A number of people have heard of AA in one way or another, no matter whether it be in passing or whether they have prior knowledge on such meetings in particular. AA (also known as alcoholics anonymous) is “an international fellowship (of men and women who have had a drinking problem) that is nonprofessional, self-supporting, multiracial, apolitical, and available almost everywhere. There are no age or education requirements, and membership is open to anyone who wants to do something about his or her drinking problem.”
In turn, AA has a number of benefits which allow individuals who are struggling with alcohol addiction to get the help they need. One way that it is able to do this is by creating community between a wide range of people who are all working towards a common goal. People are then able to uplift and encourage one another as they share in similar struggles. Through these types of support groups each person is reminded of how he/she doesn’t have to go through his/her addiction alone. This is especially good for those who don’t feel comfortable talking about their addiction to a big group of people but instead allows sensitive issues to be discussed in a much smaller setting.
In addition, those who are trying to undergo the aftermath of alcoholism on their own are able to instead be surrounded by others like them who want just the same. In fact, the program begins with “the admission of an inability to control his drinking, a readiness to review his own shortcomings, and a willingness to make amends toward others whom he’s hurt by his actions.”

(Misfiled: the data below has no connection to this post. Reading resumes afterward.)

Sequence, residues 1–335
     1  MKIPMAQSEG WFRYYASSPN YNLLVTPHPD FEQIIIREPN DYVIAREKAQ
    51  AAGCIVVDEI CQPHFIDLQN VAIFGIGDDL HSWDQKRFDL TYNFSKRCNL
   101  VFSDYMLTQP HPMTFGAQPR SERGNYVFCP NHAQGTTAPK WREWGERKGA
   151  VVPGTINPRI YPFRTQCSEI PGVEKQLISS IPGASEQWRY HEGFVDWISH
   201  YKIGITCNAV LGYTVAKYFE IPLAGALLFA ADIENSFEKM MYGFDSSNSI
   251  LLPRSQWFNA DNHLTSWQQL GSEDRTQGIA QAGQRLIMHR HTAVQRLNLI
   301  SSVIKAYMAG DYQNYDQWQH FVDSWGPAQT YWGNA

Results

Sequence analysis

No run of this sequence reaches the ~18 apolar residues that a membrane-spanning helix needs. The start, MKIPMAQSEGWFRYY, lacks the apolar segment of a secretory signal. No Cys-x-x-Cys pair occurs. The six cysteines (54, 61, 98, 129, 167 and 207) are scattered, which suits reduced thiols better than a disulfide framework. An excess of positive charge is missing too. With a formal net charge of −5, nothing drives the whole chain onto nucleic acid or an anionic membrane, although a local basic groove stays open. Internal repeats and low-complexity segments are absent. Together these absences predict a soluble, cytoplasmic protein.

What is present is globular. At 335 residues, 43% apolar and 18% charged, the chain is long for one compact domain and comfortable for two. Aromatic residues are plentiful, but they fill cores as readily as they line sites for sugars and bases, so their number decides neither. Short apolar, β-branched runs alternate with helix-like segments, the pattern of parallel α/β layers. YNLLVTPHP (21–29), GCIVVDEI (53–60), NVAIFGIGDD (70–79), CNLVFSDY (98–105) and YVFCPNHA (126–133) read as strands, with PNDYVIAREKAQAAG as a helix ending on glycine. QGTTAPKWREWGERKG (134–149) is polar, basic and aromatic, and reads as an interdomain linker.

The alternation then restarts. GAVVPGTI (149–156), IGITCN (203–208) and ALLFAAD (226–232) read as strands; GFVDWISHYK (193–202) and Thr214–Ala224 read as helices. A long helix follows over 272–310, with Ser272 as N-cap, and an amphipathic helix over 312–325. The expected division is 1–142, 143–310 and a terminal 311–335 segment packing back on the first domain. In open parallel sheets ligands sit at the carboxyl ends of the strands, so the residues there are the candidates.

As a result, AA (and/or alcoholics anonymous) is nothing other than beneficial for those who are unsure of where to start. With such they can make a huge step towards recovery that they may not get the opportunity to do elsewhere. Not only that, but they can exchange experiences and advise one another in comfort and confidentiality without fear of being judged by others. This eliminates the feeling of loneliness and/or isolation that a number of addicts feel on a daily basis in being dehumanized because of their addiction.
In conclusion, family member, friend, no matter who it may be struggling with alcoholism they should never feel afraid to the point in which they forfeit the opportunity to find community in something as life changing as AA. With just one step they may find themselves a whole lot closer to healing and an alcohol free life.